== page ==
Leah: We have a lot of toys that are very brightly coloured, that light up, that make noise. I never, ever looked at a toy before thinking ‘What is this going to give my child?’ It was always ‘This looks pretty cool. They’ll play with it. Brilliant.’ Now when we look at it, it’s ‘What’s Ivy going to get out of this toy? What’s going to stimulate her vision the most?’
Louise: One of the early decisions that has to be made for a child is what level of vision impairment do they have? Are they going to be a Braille user or are they going to be able to use assistive technology, or low-vision aids? If the decision is made they are going to be a Braille user, there’s different preschool programs and pre-Braille skills that they’ll be taught by early childhood teachers, particularly those that are trained in Braille.
Fatima (mother of 2 children, 1 with vision impairment): I spoke to the people at the Deaf and Blind Institute and they said she’s probably going to need to learn Braille. I’m probably going to have to learn Braille as well. Because I don’t want her cheating on her homework [laughs], and things like that. So, that’s how that started initially, I think. And then they were, pretty much from the beginning they have little books, the little baby books that have the labels with the Braille on them.
Louise: What we also need to remember is that approximately 60-70% of children with a vision impairment also have additional disabilities. So this can make early intervention quite challenging in many ways. So not only would the child be having help from an orthoptist, they’d also be having help from an occupational therapist, to help them with grasping objects, with their posture, and trunk control. And also with a physiotherapist, for movement. And definitely with a speech therapist as well, to help them along the way. Because there are some characteristic problems that children with vision impairment can have with their speech, if early intervention is not happening.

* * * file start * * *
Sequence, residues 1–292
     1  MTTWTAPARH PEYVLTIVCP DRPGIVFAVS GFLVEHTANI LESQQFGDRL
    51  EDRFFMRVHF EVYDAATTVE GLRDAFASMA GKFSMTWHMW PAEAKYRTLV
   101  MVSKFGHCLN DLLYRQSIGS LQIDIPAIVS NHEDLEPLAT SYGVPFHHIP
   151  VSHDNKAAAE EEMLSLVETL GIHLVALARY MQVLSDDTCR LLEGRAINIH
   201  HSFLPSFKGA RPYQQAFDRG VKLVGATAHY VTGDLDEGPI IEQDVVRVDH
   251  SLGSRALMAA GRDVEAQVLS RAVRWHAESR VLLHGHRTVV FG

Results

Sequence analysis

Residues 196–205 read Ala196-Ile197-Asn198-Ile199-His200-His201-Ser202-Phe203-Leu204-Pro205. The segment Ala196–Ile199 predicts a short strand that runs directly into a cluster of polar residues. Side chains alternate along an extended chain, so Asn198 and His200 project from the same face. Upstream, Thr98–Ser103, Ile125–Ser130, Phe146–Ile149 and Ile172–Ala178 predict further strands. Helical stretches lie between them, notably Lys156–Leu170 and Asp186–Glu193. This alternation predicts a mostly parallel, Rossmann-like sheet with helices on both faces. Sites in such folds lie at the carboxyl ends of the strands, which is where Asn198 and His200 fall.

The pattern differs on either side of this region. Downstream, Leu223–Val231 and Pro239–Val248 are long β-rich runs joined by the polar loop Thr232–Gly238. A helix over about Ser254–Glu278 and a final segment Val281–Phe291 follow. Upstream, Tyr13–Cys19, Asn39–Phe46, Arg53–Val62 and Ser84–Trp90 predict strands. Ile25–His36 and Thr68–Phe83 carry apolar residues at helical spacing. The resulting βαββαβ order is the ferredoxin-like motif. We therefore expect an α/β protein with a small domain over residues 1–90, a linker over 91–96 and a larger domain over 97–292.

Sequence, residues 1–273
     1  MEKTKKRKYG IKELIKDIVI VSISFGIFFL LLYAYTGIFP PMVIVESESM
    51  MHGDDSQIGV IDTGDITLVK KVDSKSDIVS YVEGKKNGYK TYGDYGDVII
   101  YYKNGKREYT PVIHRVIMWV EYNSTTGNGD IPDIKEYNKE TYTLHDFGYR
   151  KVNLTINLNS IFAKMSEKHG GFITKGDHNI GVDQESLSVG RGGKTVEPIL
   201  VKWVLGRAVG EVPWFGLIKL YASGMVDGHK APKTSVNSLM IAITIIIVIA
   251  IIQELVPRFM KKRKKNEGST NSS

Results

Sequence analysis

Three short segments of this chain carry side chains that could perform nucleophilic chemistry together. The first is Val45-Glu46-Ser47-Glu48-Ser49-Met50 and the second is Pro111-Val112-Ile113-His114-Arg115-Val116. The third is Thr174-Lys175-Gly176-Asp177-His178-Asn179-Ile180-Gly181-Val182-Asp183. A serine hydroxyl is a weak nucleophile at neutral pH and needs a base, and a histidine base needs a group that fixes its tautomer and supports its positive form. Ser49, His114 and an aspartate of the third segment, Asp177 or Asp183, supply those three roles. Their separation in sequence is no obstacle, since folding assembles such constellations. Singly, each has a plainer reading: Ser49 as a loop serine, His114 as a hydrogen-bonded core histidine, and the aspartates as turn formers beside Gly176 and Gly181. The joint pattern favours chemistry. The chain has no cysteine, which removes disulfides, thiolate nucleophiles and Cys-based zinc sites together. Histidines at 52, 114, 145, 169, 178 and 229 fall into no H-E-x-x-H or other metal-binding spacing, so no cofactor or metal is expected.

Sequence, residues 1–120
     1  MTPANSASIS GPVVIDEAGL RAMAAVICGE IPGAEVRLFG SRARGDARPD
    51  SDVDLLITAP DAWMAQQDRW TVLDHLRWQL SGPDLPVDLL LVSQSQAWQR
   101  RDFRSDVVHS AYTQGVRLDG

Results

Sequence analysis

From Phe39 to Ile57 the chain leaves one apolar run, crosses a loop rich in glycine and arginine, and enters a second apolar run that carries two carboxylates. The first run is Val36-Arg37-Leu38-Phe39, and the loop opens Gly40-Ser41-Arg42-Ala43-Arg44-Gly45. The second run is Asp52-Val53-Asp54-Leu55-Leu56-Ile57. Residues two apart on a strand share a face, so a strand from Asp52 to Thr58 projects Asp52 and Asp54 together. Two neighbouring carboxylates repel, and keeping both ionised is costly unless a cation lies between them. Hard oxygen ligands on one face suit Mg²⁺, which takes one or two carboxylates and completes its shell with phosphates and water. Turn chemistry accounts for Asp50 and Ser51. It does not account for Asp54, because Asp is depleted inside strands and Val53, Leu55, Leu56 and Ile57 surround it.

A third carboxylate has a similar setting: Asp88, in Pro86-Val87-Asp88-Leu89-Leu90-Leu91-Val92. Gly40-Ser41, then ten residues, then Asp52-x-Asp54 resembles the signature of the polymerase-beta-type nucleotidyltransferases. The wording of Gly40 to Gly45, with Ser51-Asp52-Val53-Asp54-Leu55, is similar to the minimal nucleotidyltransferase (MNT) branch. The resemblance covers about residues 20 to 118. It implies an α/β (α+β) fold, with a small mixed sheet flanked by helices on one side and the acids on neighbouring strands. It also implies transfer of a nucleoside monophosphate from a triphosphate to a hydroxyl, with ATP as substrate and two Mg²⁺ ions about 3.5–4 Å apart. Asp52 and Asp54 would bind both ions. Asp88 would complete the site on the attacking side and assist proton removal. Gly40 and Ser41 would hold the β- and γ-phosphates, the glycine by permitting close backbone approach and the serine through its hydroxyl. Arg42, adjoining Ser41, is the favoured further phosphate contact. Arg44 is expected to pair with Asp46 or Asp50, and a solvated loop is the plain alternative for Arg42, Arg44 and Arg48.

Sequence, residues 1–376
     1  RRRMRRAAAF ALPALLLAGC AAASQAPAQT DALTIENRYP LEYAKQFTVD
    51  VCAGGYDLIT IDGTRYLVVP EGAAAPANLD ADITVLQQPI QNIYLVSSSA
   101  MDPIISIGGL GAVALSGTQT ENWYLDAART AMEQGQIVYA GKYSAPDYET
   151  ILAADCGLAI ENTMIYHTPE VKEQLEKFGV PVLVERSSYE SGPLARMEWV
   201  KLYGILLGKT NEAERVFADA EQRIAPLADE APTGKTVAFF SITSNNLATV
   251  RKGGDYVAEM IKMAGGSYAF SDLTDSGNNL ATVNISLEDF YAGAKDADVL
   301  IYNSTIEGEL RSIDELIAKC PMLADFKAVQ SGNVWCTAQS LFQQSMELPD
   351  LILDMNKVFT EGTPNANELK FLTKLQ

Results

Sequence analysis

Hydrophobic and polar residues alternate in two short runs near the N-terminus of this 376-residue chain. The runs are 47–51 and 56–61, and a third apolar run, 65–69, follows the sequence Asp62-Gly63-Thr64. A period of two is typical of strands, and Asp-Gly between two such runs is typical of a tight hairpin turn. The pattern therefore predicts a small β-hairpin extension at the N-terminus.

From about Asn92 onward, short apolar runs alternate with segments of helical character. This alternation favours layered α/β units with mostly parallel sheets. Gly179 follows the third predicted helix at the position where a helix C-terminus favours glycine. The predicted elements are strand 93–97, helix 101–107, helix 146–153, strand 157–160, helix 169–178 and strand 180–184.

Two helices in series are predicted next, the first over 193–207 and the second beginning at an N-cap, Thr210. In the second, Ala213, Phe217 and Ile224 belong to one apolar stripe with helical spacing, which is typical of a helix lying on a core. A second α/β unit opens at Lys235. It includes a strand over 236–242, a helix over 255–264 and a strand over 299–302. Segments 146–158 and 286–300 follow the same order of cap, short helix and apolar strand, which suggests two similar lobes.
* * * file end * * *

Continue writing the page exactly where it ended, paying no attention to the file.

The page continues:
Fatima: Simra also has, along the way she’s had speech therapy, not just for talking but also for feeding and swallowing. She’s also had physiotherapy – she’s almost four years old and she’s still not walking on her own. She has a walker to assist her. And then the OT [occupational therapist] she gets from the RIDBC as well. So the physiotherapist and the speech therapy are the two main things she’s had.
Leah: With the occupational therapist coming fortnightly, they come for a school term. It’s for one-hour sessions, which is more than enough time. A twelve-month-old in a one-hour setting is quite intense, but she enjoys it, it’s a really friendly environment. We play a lot of games; we sing a lot of songs. Everything is very purposeful, but it’s also lovely. It’s a reassuring time, every fortnight I get to sit and listen to someone tell me she’s improved from the previous fortnight.
Sue: Ultimately children with vision impairments will reach developmental milestones. It’s very positive and that’s what early intervention will provide those children with. They’ll do it in a different way and they’ll do it in their own time but they certainly will get there. They will have trouble getting there if they’re not having early intervention and support.
Leah: I’m very, very lucky to have a very supportive husband and a very supportive family. Now, I don’t even think about it. Life has just returned to normal.